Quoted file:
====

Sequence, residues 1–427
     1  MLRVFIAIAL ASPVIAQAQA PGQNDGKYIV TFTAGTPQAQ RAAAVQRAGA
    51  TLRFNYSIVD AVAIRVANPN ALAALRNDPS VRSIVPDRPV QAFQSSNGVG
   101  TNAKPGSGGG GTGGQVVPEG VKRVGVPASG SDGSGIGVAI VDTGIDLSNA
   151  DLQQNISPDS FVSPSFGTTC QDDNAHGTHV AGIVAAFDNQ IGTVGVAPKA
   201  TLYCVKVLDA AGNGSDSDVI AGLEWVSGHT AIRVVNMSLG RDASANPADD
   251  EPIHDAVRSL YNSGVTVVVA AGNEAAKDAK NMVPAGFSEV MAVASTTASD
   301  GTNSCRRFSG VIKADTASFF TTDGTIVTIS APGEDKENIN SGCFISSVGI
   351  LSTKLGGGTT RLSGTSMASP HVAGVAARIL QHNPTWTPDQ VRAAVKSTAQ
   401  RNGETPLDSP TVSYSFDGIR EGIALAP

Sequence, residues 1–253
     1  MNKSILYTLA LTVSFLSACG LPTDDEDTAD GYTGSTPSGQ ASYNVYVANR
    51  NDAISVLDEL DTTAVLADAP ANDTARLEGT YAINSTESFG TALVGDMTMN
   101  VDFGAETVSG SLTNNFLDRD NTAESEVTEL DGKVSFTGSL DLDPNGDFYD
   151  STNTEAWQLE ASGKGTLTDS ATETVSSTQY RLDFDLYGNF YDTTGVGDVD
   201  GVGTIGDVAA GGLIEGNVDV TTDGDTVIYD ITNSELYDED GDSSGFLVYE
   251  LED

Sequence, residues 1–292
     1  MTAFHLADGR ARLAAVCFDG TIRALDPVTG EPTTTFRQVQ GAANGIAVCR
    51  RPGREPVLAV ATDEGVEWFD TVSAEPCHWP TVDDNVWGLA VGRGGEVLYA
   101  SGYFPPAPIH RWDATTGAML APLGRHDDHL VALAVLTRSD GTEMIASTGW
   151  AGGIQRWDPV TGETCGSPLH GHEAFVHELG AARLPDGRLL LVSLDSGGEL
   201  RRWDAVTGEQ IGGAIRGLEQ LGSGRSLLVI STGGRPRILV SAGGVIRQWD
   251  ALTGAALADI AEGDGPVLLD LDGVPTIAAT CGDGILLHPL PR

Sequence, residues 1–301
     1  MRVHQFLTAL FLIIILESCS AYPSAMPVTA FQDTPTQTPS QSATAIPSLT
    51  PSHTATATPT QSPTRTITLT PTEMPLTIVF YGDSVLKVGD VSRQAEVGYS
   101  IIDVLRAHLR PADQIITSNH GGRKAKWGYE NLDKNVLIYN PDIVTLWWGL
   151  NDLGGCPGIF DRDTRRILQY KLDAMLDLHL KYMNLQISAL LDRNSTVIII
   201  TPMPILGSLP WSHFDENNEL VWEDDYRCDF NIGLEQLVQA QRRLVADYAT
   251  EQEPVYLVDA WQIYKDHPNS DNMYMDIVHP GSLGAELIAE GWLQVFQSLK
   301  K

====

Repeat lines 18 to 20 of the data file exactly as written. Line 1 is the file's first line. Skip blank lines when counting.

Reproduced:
Sequence, residues 1–292
     1  MTAFHLADGR ARLAAVCFDG TIRALDPVTG EPTTTFRQVQ GAANGIAVCR
    51  RPGREPVLAV ATDEGVEWFD TVSAEPCHWP TVDDNVWGLA VGRGGEVLYA